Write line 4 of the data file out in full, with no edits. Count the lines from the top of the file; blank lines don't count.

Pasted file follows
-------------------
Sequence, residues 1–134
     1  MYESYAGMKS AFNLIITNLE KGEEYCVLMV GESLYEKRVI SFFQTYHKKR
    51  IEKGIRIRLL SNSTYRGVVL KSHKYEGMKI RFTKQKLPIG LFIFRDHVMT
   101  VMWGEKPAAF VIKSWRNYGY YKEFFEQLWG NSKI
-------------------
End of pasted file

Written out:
   101  VMWGEKPAAF VIKSWRNYGY YKEFFEQLWG NSKI